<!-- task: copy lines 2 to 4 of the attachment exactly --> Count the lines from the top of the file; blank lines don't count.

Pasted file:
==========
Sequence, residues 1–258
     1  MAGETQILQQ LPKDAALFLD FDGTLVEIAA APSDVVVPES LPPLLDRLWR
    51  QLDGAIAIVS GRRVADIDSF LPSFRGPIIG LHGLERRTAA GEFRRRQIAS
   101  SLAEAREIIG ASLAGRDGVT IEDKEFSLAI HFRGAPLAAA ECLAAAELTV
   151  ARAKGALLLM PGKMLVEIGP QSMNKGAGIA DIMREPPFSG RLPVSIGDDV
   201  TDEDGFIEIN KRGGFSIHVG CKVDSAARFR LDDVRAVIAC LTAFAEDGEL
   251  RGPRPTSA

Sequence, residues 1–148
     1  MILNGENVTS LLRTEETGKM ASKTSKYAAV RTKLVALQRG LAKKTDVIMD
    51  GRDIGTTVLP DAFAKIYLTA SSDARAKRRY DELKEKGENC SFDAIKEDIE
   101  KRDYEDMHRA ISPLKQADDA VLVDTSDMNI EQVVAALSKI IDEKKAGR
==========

     1  MAGETQILQQ LPKDAALFLD FDGTLVEIAA APSDVVVPES LPPLLDRLWR
    51  QLDGAIAIVS GRRVADIDSF LPSFRGPIIG LHGLERRTAA GEFRRRQIAS
   101  SLAEAREIIG ASLAGRDGVT IEDKEFSLAI HFRGAPLAAA ECLAAAELTV